Notable Finishes

2016

Last year, Brandt Snedeker won his second Farmers Insurance Open from the comfort of the clubhouse. The tournament was pushed to a Monday finish because of a hellacious wind- and rainstorm that forced play to be suspended three times on Sunday before it was finally postponed. Seriously, look at this garbage:

After just making the cut on the number, Sneds finished with rounds of 70 and 69; in his final round alone he gained 8.9 strokes on the field.

Monday dawned clear and windless, and leader Jimmy Walker had only to play his final 8 holes in even par to beat Snedeker. K.J. Choi was also in the mix, tied with Snedeker in 2nd place. But the 8 a.m. start time was pushed back two hours to allow personnel to clear damaged trees, and by the time Walker and Choi started at 10:00am the wind was whipping.  K.J. Choi, formerly an actual weightlifter, couldn’t reach the 437-yard 14th in two. Neither Walker nor Choi had a fighting chance against the elements, with Walker bogeying four of his final eight holes and handing the title to Snedeker.

2008

BigCat at the height of his powers. Tiger demoralized San Diego more thoroughly than Dean Spanos, winning his fourth consecutive Buick Invitational (and fifth in six years) with an 8-shot victory over Ryuji Imada. His -19 final tally was only three shots off his tournament record pace of -22 set in 1999. Like all criminal masterminds, Tiger returned to the scene of the carnage several months later to capture his most recent (don’t say final) major championship.

2004

John Daly won in a playoff over Luke Donald and Chris Riley (RIP). If anyone has video footage of any tee shots from this playoff, I would dearly like to see it. When I picture Daly and Donald shaking hands on the tee box, I can’t get this image out of my head:

1999

Tiger matched George Burns’s scoring record here in ’99 with a blistering 266 (-22). It was his first of eight 1999 victories, including the PGA Championship, and set him on his way towards winning literally every award possible this season.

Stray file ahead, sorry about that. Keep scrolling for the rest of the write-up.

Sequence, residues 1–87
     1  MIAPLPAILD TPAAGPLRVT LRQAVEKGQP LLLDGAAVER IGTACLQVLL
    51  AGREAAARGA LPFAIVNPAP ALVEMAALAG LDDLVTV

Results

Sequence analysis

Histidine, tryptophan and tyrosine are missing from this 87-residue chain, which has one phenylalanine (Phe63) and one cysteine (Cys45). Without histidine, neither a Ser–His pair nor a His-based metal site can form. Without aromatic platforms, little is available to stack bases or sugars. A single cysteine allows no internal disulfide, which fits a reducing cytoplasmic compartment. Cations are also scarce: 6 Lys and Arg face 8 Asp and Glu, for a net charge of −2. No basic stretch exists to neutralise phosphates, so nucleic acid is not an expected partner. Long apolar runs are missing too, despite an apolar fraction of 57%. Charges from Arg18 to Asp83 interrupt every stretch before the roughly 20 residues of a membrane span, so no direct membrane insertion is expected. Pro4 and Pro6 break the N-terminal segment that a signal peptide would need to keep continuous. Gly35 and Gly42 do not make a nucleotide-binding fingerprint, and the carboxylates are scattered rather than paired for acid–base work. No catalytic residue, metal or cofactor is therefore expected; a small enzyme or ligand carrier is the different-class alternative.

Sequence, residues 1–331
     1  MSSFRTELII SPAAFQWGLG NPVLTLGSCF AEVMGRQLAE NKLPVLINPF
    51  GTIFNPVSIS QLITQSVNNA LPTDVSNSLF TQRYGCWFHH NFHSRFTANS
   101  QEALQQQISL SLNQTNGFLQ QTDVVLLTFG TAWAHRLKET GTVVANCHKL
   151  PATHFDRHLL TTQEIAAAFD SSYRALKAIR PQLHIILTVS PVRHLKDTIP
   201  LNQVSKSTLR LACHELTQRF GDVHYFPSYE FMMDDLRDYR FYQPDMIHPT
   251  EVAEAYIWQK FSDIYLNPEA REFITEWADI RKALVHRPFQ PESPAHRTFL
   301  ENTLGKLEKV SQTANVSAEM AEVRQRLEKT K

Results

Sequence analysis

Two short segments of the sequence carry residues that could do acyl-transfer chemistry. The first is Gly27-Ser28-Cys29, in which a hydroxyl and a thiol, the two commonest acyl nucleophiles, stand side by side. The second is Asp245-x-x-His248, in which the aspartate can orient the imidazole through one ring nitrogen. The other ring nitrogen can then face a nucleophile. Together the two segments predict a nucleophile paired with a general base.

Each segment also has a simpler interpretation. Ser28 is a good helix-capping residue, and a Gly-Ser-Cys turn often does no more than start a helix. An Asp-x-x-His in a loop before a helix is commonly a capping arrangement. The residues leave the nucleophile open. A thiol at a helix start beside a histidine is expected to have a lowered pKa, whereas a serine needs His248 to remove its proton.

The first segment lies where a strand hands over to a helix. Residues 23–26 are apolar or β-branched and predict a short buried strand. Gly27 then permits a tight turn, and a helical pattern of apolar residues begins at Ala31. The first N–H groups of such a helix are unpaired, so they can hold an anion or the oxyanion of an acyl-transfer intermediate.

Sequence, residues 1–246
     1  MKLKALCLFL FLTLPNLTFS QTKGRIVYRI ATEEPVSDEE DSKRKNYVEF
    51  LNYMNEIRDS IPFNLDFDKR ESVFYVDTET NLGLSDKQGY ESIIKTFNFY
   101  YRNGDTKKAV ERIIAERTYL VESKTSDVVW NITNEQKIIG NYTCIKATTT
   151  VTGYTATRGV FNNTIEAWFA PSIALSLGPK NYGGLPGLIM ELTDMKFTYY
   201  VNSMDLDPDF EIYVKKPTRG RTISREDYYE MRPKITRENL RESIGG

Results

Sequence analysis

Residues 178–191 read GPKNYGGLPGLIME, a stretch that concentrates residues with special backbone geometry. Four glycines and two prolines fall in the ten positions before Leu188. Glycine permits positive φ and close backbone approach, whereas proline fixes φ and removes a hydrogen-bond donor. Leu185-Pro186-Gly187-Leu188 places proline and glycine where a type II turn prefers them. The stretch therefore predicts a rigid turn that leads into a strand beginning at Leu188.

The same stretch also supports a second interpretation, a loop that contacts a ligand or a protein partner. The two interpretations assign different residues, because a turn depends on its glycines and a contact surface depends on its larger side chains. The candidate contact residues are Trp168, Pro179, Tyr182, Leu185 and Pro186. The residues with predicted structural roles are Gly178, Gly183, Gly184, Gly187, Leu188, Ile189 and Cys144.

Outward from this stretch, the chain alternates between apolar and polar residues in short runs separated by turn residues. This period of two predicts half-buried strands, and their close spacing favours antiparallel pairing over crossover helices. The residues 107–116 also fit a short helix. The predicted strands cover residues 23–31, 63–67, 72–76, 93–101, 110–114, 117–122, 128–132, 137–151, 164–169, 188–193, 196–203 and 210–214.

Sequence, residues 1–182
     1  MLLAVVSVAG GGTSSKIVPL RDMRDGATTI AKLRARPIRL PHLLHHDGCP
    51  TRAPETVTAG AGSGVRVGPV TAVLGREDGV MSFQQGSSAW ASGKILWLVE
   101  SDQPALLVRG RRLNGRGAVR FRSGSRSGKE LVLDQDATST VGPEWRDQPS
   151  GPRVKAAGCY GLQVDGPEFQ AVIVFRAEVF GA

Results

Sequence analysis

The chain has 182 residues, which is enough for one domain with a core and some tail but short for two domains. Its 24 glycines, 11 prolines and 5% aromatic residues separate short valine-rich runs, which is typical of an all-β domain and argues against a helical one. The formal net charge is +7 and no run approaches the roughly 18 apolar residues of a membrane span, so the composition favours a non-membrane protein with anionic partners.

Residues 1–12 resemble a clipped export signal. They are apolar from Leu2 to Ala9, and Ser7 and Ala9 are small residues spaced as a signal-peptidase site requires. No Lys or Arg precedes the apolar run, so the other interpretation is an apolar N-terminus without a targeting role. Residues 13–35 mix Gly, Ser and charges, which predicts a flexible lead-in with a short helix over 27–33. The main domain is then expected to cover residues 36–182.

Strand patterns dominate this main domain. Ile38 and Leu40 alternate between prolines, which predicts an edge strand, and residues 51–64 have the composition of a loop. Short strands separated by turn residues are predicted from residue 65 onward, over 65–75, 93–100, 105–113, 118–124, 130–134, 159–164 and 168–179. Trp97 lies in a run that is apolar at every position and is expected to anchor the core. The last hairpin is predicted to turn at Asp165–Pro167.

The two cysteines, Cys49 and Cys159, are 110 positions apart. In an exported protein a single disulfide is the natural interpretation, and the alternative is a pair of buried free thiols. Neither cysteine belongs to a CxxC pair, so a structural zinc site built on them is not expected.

1982

Old pal Johnny Miller held off Jack Nicklaus to win by one stroke in the Wickes-Andy Williams San Diego Open. Because the internet is a magical place, the full New York Times recap of this event is just hanging out online, begging to be read. Since you can read, I won’t break it down here, but one thing worth mentioning is the charge Jack Nicklaus put up on Sunday. This is just classic Jack:

“Nicklaus, playing his first tournament of the four-week-old season, came from seven strokes behind with a record 64, eight under par for the south course of Torrey Pines. His card included two eagles, five birdies and one bogey.

Toward the end of the afternoon, Miller said, ”I was aware of Jack, yeah.”” ‘I felt last night that if I shot 64 or 65 I’d have a chance of winning the tournament,” Nicklaus said. He wound up breaking the course record of 65 set in 1973 by Tommy Jacobs and equaled in 1980 by D.A. Weibring.”

I know players do it all the time, but it seems like every time Nicklaus went out in the morning with a number in mind, he did whatever it took to get there. Two eagles and five birdies on Sunday is crazy.

1954

This is too good, so I’ll just do the heavy lifting and fully quote Wikipedia: “Hall of Famer and San Diego native Gene Littler is the only amateur winner, achieving the feat in 1954, and awarded a five-piece tea set. Subsequently as a professional, Littler was a runner-up three times (1969, 1974, 1978).” Classic “Would you rather” – take a PGA Tour victory as an am and a five-piece tea set, or three runner-up finishes and the associated cash? One of the great grillroom debates of our age.

Odds and Ends

In which I basically just copy and paste a bunch of Justin Ray’s tweets.